Since there is no one “best” diet, and since adherence to a new eating and exercise plan is the most important predictor of whether someone will lose weight and keep it off, providing a simple answer to the question “So, what do you think about this diet?” is unlikely to be helpful. With adherence— rather than the number of fat grams or carbohydrates—being the most crucial factor, the objective changes from providing a client with information about which diet is best to supporting a client in making changes that he or she not only
is ready to make but can feasibly sustain.
Therefore, when clients ask what you think about a
particular diet, ask if it would be okay if you posed a few questions to them first. Examples of questions are outlined below. These are the types of questions one might ask when using motivational interviewing as a communication technique, with the aim of providing two to three reflections for each open-ended question (this is demonstrated below with the first question). This approach is more likely to help a client gain insights into the change he or she is contemplating—insights that can then help you and your client work together to develop an adherence-enhancing action plan, should the client decide that now is a good time to make the change.
“What do you know about this diet already?” After the client answers this question, provide a couple of reflections of what you heard. For example, consider this hypothetical conversation:
Client, who is considering starting a low-carbohydrate diet: “Well, I know that you pretty much eliminate carbohydrates. No more bread. No more pasta. No more rice. No more fruit, at least for a while. And then you lose a lot of weight.”
Fitness professional: “So you know that if you make some of these changes to what you eat, you will lose weight.”
Client: “Yes, I think so. I mean it would be hard to make all of those changes. But I know I need to lose weight. And I’ve heard the quickest way to lose weight is to follow a low-carb diet.”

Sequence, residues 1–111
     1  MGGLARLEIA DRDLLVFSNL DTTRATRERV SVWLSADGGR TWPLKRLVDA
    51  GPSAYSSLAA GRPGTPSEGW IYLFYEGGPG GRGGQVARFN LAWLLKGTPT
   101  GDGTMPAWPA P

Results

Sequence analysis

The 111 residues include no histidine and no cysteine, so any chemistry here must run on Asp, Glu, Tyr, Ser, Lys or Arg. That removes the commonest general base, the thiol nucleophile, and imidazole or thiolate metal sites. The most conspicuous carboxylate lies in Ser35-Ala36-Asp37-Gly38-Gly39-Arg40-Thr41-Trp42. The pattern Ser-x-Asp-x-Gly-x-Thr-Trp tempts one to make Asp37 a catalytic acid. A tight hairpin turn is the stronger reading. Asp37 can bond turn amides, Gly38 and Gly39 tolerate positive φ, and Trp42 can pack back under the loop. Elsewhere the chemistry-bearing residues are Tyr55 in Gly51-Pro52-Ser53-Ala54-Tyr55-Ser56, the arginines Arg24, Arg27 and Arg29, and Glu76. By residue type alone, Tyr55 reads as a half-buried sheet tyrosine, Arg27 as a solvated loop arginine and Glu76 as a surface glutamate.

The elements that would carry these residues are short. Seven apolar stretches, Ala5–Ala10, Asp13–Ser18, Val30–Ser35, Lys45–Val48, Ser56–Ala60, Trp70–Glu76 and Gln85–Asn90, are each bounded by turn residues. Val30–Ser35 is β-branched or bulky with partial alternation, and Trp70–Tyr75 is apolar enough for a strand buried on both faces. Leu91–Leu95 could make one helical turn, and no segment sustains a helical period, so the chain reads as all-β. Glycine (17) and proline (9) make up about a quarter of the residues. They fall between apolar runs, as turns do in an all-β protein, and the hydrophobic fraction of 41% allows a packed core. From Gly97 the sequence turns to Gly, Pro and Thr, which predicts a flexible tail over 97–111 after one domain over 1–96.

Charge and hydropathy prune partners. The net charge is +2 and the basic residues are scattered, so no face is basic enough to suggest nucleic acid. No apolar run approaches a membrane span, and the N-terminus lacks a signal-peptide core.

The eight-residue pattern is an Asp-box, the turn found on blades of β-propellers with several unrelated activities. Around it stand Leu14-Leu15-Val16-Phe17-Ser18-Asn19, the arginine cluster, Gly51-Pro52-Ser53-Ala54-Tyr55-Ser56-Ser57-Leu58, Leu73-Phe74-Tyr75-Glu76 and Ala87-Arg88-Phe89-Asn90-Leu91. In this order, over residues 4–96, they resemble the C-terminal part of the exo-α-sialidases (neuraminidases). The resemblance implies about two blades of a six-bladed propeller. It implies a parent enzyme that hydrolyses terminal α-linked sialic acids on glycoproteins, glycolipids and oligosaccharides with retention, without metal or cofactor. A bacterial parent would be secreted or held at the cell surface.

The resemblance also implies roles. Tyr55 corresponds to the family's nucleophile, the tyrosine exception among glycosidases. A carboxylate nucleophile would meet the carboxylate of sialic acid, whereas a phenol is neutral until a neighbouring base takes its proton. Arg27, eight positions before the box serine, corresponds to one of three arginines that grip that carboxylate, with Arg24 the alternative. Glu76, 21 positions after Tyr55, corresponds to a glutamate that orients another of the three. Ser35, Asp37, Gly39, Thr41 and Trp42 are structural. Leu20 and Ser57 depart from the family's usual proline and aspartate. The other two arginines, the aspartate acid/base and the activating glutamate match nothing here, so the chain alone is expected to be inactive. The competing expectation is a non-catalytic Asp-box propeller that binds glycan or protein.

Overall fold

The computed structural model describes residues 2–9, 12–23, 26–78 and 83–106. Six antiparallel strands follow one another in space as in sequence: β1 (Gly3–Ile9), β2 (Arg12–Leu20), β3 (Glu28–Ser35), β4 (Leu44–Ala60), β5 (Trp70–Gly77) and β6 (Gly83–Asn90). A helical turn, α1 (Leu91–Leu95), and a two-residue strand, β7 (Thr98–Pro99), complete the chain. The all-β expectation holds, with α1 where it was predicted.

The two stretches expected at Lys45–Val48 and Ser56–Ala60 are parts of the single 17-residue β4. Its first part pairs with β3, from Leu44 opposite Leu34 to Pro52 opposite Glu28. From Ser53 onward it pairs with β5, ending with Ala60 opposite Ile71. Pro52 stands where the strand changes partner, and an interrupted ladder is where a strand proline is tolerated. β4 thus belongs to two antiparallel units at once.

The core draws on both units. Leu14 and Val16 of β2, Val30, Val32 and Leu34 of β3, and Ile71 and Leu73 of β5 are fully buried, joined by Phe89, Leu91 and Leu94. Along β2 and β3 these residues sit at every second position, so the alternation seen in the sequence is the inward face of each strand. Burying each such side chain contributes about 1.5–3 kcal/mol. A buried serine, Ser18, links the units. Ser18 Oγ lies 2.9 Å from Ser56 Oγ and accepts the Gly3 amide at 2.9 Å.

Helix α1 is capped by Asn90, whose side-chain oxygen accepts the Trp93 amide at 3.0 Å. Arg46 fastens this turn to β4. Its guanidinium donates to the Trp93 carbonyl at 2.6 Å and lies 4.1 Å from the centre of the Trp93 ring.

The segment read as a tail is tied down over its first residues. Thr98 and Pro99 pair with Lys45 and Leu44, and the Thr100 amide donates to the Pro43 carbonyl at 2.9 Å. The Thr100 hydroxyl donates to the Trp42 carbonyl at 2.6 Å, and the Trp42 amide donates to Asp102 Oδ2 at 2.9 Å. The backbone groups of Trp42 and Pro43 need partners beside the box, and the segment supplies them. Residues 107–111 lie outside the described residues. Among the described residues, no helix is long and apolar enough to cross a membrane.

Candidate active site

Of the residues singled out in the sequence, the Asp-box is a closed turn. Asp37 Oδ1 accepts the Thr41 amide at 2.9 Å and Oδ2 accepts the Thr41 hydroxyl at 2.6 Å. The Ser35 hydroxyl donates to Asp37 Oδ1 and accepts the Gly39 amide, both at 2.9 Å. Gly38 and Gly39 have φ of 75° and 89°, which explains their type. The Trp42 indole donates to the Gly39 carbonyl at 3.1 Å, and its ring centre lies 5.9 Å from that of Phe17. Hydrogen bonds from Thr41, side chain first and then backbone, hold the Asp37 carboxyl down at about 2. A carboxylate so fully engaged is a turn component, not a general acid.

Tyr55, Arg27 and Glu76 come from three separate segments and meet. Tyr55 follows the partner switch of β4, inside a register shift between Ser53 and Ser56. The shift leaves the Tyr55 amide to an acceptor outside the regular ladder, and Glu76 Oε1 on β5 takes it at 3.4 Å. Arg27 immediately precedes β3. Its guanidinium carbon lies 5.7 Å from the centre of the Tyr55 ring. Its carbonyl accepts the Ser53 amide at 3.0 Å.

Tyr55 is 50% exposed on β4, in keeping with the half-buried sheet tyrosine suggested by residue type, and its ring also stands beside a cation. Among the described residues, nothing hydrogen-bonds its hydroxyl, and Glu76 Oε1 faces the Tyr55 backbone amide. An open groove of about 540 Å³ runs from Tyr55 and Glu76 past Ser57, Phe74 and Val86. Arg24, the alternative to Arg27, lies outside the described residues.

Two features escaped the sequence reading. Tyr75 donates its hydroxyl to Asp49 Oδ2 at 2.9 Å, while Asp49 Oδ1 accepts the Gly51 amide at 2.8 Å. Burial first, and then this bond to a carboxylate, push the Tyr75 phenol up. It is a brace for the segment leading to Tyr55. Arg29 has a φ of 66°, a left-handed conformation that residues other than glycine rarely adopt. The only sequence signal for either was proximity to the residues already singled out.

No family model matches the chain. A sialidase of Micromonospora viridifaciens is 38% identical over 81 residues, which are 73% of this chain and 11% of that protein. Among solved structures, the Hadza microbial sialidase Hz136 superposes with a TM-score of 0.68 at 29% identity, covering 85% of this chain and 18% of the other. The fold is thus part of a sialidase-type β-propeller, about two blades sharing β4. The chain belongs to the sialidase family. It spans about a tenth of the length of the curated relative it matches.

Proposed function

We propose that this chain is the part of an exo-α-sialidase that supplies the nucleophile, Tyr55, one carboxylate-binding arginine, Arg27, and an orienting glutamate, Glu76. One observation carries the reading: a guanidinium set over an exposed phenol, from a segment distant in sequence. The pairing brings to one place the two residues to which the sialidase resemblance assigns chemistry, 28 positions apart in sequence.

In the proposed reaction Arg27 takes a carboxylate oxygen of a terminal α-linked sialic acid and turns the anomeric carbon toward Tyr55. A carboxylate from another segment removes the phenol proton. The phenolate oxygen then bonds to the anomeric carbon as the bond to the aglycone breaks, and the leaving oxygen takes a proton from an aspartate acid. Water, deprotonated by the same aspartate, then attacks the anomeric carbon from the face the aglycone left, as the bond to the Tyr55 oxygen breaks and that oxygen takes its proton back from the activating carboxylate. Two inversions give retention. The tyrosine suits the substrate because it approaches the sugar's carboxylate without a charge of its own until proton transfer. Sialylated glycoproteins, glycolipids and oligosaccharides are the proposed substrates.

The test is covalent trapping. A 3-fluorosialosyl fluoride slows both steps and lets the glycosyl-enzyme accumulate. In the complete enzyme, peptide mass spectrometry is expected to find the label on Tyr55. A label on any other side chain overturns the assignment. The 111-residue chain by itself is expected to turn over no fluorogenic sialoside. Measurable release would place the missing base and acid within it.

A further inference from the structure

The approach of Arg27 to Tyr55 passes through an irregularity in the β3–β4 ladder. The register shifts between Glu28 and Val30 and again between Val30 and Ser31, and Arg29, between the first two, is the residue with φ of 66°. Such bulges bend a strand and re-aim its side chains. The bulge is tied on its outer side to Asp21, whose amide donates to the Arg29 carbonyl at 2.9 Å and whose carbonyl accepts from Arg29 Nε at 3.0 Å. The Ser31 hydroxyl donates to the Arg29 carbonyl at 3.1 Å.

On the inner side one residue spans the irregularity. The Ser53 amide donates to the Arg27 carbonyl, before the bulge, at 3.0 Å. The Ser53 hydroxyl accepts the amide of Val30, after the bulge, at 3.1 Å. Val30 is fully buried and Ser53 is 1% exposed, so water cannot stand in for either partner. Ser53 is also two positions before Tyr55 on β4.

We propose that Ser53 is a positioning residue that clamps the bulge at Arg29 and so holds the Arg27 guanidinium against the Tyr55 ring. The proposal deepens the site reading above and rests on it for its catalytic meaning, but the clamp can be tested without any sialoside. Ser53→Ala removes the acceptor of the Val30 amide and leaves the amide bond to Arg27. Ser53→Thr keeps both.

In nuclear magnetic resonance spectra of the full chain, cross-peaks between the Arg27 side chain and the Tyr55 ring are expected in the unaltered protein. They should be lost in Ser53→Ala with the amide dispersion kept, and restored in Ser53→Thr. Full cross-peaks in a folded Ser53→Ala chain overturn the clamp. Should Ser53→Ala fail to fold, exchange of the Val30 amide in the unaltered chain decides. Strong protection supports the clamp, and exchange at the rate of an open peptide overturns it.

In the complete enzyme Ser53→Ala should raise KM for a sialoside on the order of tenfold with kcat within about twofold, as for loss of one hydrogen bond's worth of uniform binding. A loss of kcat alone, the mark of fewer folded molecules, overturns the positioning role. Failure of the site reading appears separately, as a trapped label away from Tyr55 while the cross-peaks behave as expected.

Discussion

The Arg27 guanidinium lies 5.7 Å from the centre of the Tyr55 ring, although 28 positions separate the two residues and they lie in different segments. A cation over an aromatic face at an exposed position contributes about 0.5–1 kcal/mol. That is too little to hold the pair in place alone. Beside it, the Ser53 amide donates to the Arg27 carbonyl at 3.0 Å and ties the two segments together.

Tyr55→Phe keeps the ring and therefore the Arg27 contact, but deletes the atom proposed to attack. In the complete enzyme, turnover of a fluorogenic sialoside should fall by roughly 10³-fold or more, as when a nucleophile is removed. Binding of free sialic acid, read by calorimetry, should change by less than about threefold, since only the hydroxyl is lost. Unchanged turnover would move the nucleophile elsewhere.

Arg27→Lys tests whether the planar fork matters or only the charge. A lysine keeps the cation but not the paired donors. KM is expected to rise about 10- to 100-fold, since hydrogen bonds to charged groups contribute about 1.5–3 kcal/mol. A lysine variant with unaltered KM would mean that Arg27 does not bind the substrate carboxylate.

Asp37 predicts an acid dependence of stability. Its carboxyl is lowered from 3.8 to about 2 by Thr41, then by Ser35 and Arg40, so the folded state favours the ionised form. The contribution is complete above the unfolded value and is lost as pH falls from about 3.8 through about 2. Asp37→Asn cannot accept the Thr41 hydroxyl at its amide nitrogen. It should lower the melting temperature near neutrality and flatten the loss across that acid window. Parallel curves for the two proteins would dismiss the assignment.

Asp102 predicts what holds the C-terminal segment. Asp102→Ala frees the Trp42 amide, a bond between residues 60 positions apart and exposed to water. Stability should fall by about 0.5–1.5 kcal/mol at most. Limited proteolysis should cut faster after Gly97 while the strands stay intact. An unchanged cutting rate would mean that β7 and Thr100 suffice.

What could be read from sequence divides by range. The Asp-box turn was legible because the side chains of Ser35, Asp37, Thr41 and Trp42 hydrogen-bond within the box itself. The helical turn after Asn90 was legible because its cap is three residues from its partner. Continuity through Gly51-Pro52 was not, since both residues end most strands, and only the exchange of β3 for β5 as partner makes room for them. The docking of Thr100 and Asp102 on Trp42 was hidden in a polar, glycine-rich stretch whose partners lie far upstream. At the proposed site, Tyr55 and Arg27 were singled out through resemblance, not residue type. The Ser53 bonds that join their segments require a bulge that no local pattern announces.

Fitness professional: “You want to go on a diet so you can lose weight, and you want to lose it quickly. But you know it won’t be easy.”
Client: “Yes, right.”
“What is it about this diet that most appeals to you?”
“Based on your research, what changes do you think you’d need to make to follow this diet?”
“On a scale of 0–10, with 0 being not at all and 10 being absolutely, how ready are you to make those changes right now?”
“On the same 0–10 scale, how confident are you that you can sustain these changes for at least the next year?”
“So what do you think you’ll do?”
If during the questioning a client provides information that is factually incorrect or could potentially cause harm (for example, the client is considering taking a potentially dangerous weight loss supplement), refrain from overt correction; instead, ask the client’s permission to share the information. For example:
“The eating plan you mention includes weight loss supplements. Would it be okay with you if I share with you a concern I have about weight loss supplements?”
Overall, the client’s answers to these questions will help in assessing whether the client is ready to make a change, and if so, what changes he or she will be most likely to sustain. From there, if the client is ready, you can help him or her make plans to optimize adherence.
To read more about eating plans your clients may be contemplating, please see “What’s the Best Diet for Me?” in the online IDEA Library or in the March 2015 print issue of IDEA Fitness Journal. If you cannot access the full article and would like to, please contact the IDEA Inspired Service Team at (800) 999-4332, ext. 7.